One of the first steps to rebuilding confidence in the scandal-plagued Department of Veterans Affairs is getting enough of the right people to do the job.
VA Secretary Robert A. McDonald is trying to do that by launching a new recruitment effort to boost the number of medical professionals.
“We need the best doctors and nurses serving veterans, and that is why I will be out recruiting, leveraging the existing relationships and affiliations VA has with many academic institutions, and talking directly to medical professionals about joining us to fulfill our exceptional mission of caring for those who ‘shall have borne the battle,’ ” he said in remarks planned for an appearance Friday at Duke University’s School of Medicine.
Working against him is an agency image that has been battered by a series of congressional hearings and reports about employees gaming the system to make it appear vets were getting care much sooner that they really did.
Working for him is a new law providing $5 billion to hire additional health care professionals. The recruitment program will include:
●Developing a VA Nursing Academic Partnership (VANAP) with nursing schools and facilities focusing on psychiatric and mental health care.
●Encouraging recently discharged military health professionals to joinVA
●Expanding a pilot program for combat medics in VA facilities.
●Expanding a loan repayment program as an incentive for health-care professionals to join the agency.
●Possibly increasing salaries of VA health professionals to make them more competitive with those in private practice and at universities.
McDonald doesn’t have a specific number of new hires in mind yet, but the need is great. Just at the Phoenix VA hospital, which was the epicenter of the scandal, about 1,000 additional staffers are needed, he said during an interview.
His recruiting pitch centers on several points, among them: Serving veterans is the “highest calling;” VA is on the cutting edge of science and innovation; and VA has “the best patients in the world.”
At the same time, the agency continues to reel from the scandal over the manipulation and cover-up of long wait times, which resulted at least in part from unrealistic productivity goals pushed on employees.
The goal of providing service to veterans within 14 days certainly does not sound unreasonable, but it was unrealistic in many cases because the agency didn’t have the staff to meet demand that quickly.
“Inadequate forecasting was partly responsible for severe shortages of personnel at some locations,” McDonald told the American Legion convention Tuesday. “And so recruiting is job one right now. I intend to be out in front and hands-on in that effort.”
In that speech, he recalled two medical school students who represent the promise and the problems with VA.
“On one end of the spectrum is an Air Force lieutenant about to graduate medical school who tells her father, ‘I wouldn’t want to work for VA — have you heard all the bad stories about it?’ On the other end is Nancy, about to graduate medical school as a neurologist, who told me on the plane back from Memphis, ‘practicing medicine at VA is my dream job.’ The only difference between hiring a great doctor and being short-handed is misunderstanding what serving veterans is about.”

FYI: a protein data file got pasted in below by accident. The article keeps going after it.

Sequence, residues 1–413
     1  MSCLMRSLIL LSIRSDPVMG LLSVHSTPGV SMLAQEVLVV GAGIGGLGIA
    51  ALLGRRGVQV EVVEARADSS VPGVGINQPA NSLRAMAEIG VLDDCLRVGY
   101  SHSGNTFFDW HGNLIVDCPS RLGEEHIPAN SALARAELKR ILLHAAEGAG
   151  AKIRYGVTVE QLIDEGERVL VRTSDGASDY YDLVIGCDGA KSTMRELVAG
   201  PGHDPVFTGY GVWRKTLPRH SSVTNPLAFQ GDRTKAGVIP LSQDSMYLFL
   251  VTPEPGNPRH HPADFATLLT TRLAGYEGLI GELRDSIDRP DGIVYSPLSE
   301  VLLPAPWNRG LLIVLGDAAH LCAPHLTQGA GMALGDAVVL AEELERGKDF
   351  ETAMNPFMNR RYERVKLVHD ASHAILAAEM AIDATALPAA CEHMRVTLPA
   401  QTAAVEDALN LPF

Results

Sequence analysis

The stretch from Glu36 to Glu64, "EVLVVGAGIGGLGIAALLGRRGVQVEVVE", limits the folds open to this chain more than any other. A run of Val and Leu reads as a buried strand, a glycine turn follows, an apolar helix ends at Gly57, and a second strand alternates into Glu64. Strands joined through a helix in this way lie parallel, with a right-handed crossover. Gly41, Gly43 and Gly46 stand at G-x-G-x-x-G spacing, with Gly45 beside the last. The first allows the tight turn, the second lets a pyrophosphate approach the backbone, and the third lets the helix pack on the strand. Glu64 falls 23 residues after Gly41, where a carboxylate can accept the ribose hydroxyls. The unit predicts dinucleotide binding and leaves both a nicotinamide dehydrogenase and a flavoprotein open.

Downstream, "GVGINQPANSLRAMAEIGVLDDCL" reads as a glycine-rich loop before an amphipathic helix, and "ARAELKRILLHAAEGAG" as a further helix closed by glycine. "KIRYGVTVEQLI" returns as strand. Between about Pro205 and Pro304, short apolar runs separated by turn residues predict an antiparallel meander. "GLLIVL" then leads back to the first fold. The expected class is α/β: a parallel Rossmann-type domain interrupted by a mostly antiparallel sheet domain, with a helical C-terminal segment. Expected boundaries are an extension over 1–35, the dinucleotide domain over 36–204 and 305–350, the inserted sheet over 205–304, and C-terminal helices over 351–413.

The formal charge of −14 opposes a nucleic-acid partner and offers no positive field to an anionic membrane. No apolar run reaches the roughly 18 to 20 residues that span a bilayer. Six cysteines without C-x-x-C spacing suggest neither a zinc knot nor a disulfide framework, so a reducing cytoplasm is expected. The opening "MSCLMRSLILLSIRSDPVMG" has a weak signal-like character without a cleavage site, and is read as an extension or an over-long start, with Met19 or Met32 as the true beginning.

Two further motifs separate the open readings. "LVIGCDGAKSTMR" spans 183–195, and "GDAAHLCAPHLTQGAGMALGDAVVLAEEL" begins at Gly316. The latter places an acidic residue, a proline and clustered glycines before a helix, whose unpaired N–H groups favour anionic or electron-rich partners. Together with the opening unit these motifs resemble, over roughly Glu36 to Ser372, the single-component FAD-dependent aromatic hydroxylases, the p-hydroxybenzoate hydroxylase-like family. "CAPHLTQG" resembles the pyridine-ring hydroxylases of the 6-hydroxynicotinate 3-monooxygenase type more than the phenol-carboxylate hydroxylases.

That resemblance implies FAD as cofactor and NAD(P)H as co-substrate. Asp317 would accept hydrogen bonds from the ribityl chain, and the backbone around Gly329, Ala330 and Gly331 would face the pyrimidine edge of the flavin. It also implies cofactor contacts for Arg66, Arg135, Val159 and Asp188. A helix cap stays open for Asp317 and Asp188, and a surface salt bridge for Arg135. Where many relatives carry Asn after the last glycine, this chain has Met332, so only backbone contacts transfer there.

Actually, both those students have a fair understanding of what VA is about.
There are too many “bad stories” about VA health care, as documented in a report released Tuesday by the department's inspector general. In one ridiculous case, staff in Phoenix attempted to schedule an appointment with a patient three months after he died.
Yet stories like that too frequently overshadow the dedicated work of VA employees. During a Senate hearing in May, all seven representatives of veterans service organizations said the problem with VA health care was one of access — not quality.
That should not be forgotten.
There are many fine VA staffers, but increasing their number won’t be without issues.
McDonald will have to convince people like the Air Force lieutenant that VA is the place to be. He tried to do that by personally calling the officer, whom he heard about from her father. He doesn’t know if he changed her mind about VA, but he hopes to visit her medical school on a recruiting trip.
Another problem is not related to the scandal, except to the extent that word describes the agency’s bureaucracy.
“The current system of hiring is a nightmare,” said Samuel V. Spagnolo, president of the National Association of Veterans Affairs Physicians and Dentists, who welcomed McDonald’s initiative.
The department’s hiring process can be so long and difficult, Spagnolo added, that job candidates sometimes find employment elsewhere while waiting for VA to act.
McDonald has heard that complaint before.
“We’ve got to get it fixed,” he said.
It might be worth their wait if the pay were better.
McDonald said VA pay is “relatively uncompetitive now” but did not know how much the pay needs to increase.
“It's a lot,” he said.
Previous columns by Joe Davidson are available at wapo.st/JoeDavidson.